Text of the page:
Mohammad Fallahi-Sichani, PhD

Assistant Professor of Biomedical Engineering

Biography

Mohammad Fallahi-Sichani obtained his bachelor’s degree in Biotechnology from the University of Tehran in 2007. In 2012, he earned a Ph.D. in Chemical Engineering from the University of Michigan, where he was awarded a Rackham Predoctoral Fellowship and a Richard and Eleanor Towner Prize for Outstanding PhD Research. His PhD work co-mentored by Dr. Jennifer Linderman and Dr. Denise Kirschner combined multi-scale modeling approaches with wet-lab experiments to the study of mechanisms by which TNF signaling determines immunity to M. tuberculosis infection. He then joined the laboratory of Dr. Peter Sorger at Harvard Medical School as a Merck Fellow of the Life Sciences Research Foundation and was later awarded a K99 Pathway to Independence Award from the NCI. His postdoctoral research focused on the application of systems biology approaches to understanding the mechanisms of adaptive resistance and fractional response of cancer cells to anti-cancer drugs. In 2017, Mohammad joined the Department of Biomedical Engineering at the University of Michigan Medical School as an Assistant Professor. Research in his laboratory combines experimental and data-driven computational approaches with the goal of understanding oncogenic signaling and therapeutic mechanisms in human tumors.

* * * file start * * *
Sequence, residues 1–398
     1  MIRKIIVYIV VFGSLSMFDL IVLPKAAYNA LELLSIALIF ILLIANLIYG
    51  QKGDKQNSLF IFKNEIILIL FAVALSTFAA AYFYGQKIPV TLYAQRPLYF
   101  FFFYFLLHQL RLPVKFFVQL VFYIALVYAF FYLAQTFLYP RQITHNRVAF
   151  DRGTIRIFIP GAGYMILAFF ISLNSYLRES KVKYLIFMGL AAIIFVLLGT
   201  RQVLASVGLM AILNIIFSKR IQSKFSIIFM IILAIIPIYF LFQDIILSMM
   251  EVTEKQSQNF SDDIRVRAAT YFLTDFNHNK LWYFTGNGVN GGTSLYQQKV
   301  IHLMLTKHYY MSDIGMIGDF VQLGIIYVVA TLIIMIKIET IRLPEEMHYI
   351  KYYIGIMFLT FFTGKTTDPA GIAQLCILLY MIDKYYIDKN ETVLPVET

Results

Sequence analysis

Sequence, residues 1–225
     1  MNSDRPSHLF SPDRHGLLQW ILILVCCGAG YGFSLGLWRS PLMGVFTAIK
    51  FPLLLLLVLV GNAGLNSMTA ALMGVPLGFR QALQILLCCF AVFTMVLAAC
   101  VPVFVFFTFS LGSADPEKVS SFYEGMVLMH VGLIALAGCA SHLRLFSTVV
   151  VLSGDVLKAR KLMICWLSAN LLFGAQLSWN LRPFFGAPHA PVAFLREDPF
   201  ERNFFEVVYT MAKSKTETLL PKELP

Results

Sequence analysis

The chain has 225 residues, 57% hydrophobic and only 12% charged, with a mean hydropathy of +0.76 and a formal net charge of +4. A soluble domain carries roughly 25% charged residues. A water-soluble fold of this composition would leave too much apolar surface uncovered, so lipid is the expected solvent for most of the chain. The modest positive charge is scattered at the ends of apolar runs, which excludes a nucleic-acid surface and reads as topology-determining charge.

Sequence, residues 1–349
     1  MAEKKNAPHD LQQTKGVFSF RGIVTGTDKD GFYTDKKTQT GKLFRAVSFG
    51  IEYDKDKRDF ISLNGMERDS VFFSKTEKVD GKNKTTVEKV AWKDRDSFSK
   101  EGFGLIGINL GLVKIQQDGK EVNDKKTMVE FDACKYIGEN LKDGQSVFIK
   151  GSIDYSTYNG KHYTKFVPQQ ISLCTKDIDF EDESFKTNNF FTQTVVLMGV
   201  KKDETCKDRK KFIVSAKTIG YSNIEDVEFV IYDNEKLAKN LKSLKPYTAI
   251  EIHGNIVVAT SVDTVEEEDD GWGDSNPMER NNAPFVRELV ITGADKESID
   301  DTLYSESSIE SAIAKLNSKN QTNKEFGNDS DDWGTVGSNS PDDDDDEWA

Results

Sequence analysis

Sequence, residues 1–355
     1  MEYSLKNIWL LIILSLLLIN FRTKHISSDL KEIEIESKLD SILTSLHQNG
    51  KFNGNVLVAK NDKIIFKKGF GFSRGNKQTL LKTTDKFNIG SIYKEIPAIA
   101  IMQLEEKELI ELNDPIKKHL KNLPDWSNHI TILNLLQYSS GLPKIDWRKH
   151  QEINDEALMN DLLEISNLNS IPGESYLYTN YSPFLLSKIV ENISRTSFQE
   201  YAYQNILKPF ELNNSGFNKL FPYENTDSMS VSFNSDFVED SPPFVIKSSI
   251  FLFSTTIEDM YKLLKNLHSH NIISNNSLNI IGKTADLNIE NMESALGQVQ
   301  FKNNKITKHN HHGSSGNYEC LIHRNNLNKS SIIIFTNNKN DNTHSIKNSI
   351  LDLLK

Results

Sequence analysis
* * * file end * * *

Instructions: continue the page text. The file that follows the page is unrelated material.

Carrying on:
Research Interests

Research in the Fallahi-Sichani lab is at the interface of bioengineering, cancer biology and quantitative pharmacology, and uses a combination of multiplex biochemical measurement, single-cell analysis, and multi-scale and network-level modeling to address a variety of challenges in the cancer biology area. In particular, we are interested in: (i) decoding signaling networks that enforce cancer cell fate decision in response to environmental and therapeutic perturbations and elucidating their differences with healthy cells, (ii) uncovering molecular origins of plasticity in cancer cell signaling that underlie heterogeneity in drug response among genetically diverse tumors or among genetically homogeneous tumor cells, and (iii) developing predictive computational models that guide novel approaches to enhance therapeutic response and overcome drug resistance, a major challenge facing cancer therapy.

Systems Biology, Cancer, Pharmacology, Signal Transduction, Epigenetics

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